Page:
Mega Infrastructure Project in Great Nicobar Island- Need to consult the ShomPens and Nicobarese

shompens tribe Nicobar


Smt Droupadi Murmu

President of India

Rashtrapati Bhawan

Respected Rashtrapati Ji,

Subject:- Mega Infrastructure Project in Great Nicobar Island- Need to consult the ShomPens and Nicobarese- Legal lacunae in clearances

I refer to my earlier letter dated 29-1-2023 addressed to the office of Rahtrapatiji (readily accessible at about a Mega Infrastructure project being taken up in Great Nicobar Island.

I further refer to my two letters dated 27-11-2022 & 8-4-2023 on the subject addressed to the National Commission for the Scheduled Tribes (NCST) [they can be accessed at]

There are two tribal communities, small in number, resident in Greater Nicobar Island, the ShomPens and the Nicobarese. The ShomPens are recognised as a Particularly Vulnerable Tribe (PVTG) requiring special measures to safeguard their interests.

The ShomPens have not been adequately studied yet, since they are largely confined to their forest habitat. The ShomPen habitat in Great Nicobar Island is an important biological hotspot. The Anthropological Survey of India (AnSI) has attempted a conceptual framework for laying out a comprehensive policy for promoting the well-being of the ShomPens and it needs to be further followed up (  The mega project in question will preempt any attempt to translate the ideas of AnSI into tangible action, to the detriment of the interests of the tribe.

Regarding the statutory safeguards applicable to the islands, the Andaman and Nicobar Islands (Protection of Aboriginal Tribes) Regulation, 1956 (PAT56) governs the same. This was a Regulation promulgated under Article 240 of the Constitution. Regulation 11 of this reads as follows:

The provisions of this Regulation and of any rule made thereunder shall have effect notwithstanding anything inconsistent therewith contained in any other law for the time being in force or in any instrument having effect by virtue of any such law, or in any usage or agreement, or in any decree or order of any court or other authority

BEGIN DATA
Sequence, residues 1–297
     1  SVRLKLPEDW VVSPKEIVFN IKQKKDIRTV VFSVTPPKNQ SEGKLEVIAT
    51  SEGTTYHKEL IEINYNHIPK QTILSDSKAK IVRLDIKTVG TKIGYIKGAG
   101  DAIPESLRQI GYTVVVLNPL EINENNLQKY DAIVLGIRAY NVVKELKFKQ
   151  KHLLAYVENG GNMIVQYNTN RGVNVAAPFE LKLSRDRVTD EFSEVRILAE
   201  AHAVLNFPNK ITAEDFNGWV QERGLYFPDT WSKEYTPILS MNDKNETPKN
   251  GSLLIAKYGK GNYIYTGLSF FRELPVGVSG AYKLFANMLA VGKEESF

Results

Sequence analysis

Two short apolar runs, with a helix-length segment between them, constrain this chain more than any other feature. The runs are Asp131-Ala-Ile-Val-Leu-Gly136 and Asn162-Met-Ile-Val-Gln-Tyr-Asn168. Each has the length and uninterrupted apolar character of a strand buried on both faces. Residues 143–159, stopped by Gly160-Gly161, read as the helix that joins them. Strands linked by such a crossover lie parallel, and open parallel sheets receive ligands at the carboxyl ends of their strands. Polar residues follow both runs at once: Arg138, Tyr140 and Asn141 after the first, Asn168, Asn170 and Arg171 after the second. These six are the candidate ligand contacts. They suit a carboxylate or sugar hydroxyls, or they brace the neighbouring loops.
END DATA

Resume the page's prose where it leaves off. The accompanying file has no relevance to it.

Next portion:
This implies that the 1956 Regulation has an overriding effect over the laws applicable elsewhere. Strictly, laws such as the Mines & Minerals (Development & Regulation) Act, 1957 (MMDRA), Forest (Conservation) Act (FCA), 1980 and the Environment (Protection) Act, 1986 (EPA) are not automatically applicable to A&N Islands, where PAT is in force and Regulation 11 provides it with an overriding effect.

It is therefore prima facie violative of PAT56 for MEFCC to have summarily issued clearances for this project, either under the EPA or the FCA.

In all matters that have a likely impact on the tribals, the NCST, constituted under Article 338A, needs to be mandatorily consulted by the government, as required under Article 338A(9) [“The Union and every State Government shall consult the Commission on all major policy matters affecting Scheduled Tribes”]. To the best of my knowledge, no such consultation has been held so far with The NCST.

In addition, under Article 338A, the NCST has also the authority “to investigate and monitor all matters relating to the safeguards provided for the Scheduled Tribes under [the] Constitution or under any other law for the time being in force or under any order of the Government and to evaluate the working of such safeguards; to inquire into specific complaints with respect to the deprivation of rights and safeguards of the Scheduled Tribes; to participate and advise on the planning process of socio-economic development of the Scheduled Tribes and to evaluate the progress of their development under the Union and any State

Considering that the project involves an investment of around Rs 75,000 Crores, it would lead to a huge influx of outsiders, whose presence would impact the Tribal Reserve and hurt the interests of the local tribal groups. According to one estimate (, “the project seeks to increase the population of the ecologically-sensitive island from the current 8,000 to more than 3.5 lakhs in the next three decades. This is an increase of over 4000%. It is only marginally less than the entire population of the Andaman and Nicobar islands, which was 3.8 lakh as per the 2011 Census“. Great Nicobar Island with a UNESCO recognised large Biosphere of an extent of 73279 ha and a Tribal Reserve of 75100 ha cannot obviously carry such a population load without affecting the biosphere and without affecting the tribal communities.